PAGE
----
This project involved a cross-sectoral comparison based on case studies of firms in different parts of the regulated industry supply chain from the energy, rail, water and telecoms sectors. The study examines the implications of different organizational configurations and degrees of regulatory influence, for managerial responses to competing demands upon them from the market and the regulator. Findings demonstrate that a combination of compliance with regulation and manipulation of the regulatory environment to their market interests are the typical responses that regulated firms use to maintain some balance between the range of objectives that they are required to fulfill. Under organizational configurations of functional separation manipulation appears to be a stronger response, and also, counter-intuitively, under conditions of increased regulatory influence. The results indicate a need for longitudinal research into the patterns through which firms engage in different responses over time, according to specific contingencies of the institutional context, and their implications for meeting market and regulatory goals.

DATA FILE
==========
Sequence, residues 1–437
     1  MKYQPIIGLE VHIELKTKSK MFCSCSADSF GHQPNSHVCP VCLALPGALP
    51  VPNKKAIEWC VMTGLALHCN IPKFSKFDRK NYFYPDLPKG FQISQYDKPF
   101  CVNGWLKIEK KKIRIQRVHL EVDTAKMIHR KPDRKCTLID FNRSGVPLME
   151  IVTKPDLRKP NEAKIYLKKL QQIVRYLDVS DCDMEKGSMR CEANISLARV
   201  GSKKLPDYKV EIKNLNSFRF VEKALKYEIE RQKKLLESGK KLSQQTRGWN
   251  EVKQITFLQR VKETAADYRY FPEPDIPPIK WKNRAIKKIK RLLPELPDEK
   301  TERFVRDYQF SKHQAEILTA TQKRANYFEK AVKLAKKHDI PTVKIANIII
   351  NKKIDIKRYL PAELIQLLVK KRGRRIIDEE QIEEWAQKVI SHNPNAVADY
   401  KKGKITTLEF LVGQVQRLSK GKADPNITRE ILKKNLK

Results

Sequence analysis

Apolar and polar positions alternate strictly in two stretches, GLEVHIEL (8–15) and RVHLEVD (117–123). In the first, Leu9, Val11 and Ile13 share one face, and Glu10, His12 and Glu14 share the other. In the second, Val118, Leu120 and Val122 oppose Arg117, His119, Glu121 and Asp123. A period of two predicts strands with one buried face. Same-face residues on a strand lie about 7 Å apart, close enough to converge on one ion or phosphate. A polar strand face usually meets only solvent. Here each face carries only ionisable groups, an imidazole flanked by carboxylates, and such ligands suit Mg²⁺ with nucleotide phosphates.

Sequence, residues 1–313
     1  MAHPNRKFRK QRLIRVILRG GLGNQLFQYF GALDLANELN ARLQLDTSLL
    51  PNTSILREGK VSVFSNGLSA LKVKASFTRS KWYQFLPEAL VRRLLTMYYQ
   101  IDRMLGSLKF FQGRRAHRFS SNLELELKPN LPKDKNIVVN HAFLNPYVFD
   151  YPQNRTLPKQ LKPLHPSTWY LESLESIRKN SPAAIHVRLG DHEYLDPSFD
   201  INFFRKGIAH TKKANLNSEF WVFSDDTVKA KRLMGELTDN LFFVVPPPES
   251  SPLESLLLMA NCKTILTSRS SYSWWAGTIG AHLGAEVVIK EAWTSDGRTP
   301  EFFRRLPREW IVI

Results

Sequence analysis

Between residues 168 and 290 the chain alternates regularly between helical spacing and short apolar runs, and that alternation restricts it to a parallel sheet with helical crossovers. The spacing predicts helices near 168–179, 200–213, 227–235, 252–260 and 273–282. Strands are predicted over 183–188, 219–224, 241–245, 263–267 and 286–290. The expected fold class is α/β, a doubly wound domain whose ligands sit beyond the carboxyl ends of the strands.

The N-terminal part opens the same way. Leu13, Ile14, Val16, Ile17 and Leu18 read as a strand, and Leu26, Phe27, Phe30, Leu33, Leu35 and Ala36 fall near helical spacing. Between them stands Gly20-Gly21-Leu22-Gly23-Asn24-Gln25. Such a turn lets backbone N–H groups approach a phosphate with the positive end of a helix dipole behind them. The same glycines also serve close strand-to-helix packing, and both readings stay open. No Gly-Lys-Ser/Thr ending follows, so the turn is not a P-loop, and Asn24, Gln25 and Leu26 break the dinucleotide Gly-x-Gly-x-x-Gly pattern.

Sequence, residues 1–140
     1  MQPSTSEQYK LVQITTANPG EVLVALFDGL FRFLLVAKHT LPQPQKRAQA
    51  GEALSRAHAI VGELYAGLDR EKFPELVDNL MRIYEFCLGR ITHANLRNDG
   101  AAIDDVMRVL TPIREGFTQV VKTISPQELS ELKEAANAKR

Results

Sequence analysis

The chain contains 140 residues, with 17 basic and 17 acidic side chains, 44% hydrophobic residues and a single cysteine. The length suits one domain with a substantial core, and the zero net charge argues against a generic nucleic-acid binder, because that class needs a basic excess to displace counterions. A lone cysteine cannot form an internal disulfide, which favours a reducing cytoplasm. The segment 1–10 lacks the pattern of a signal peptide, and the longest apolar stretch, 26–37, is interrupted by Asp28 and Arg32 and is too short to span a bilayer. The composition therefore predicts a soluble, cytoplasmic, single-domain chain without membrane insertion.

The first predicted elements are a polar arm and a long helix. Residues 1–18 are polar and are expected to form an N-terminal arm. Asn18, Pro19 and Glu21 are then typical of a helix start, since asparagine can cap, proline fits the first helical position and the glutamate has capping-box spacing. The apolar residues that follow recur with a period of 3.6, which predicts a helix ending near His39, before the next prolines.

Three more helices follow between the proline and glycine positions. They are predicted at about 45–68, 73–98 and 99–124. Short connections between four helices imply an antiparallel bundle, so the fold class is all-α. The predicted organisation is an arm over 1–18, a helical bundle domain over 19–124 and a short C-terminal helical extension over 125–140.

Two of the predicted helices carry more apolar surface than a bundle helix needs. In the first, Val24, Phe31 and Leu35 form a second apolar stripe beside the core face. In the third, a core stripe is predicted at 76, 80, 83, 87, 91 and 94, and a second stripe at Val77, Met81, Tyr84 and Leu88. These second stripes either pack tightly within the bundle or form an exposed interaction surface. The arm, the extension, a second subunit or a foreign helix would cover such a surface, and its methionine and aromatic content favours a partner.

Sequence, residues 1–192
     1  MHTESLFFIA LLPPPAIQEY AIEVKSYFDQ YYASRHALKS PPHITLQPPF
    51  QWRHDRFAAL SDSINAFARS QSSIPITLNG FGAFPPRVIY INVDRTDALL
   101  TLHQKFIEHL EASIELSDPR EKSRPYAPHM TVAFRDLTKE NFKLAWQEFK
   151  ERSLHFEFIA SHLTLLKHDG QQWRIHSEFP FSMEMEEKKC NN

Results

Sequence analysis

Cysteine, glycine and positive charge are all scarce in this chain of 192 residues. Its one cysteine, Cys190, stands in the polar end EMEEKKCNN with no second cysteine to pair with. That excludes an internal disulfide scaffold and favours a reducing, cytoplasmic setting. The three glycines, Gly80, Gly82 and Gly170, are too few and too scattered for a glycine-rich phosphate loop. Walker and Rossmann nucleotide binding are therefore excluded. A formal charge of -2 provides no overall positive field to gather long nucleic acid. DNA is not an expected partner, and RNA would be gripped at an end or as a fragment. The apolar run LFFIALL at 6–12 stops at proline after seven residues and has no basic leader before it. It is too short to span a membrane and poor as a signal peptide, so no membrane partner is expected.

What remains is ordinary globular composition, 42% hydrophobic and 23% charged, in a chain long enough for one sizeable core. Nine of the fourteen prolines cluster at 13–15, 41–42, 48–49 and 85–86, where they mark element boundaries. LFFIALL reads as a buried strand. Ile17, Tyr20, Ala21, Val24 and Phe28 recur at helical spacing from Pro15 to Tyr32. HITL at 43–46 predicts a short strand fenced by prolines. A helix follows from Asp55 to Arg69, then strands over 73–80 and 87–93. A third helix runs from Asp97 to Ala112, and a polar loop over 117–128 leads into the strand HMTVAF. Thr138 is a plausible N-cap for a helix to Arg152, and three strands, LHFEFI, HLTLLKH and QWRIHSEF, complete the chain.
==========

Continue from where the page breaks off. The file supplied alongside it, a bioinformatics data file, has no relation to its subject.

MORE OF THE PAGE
Funder: Economic & Social Research Council (ESRC) and Advanced Institute of Management (AIM) RES-331-25-3013
Investigators: Professor Paula Jarzabkowski & Dr Jane Lê
The senior management of large, privatised companies have to operate amid a wide variety of practices and rules set on the one hand by regulation and on the other by trading in free markets. ESRC funding, through an Advanced Institute of Management (AIM) Ghoshal Fellowship, enabled us to discover at first hand how those running such organisations manage this apparently complex juggling act. We used a longitudinal qualitative approach, including interviews, observation and documentary data over time, to investigate the management approaches in FTSE 100 infrastructure companies that were facing new regulatory policies designed to increase market-based competition in their sector. Our findings show that: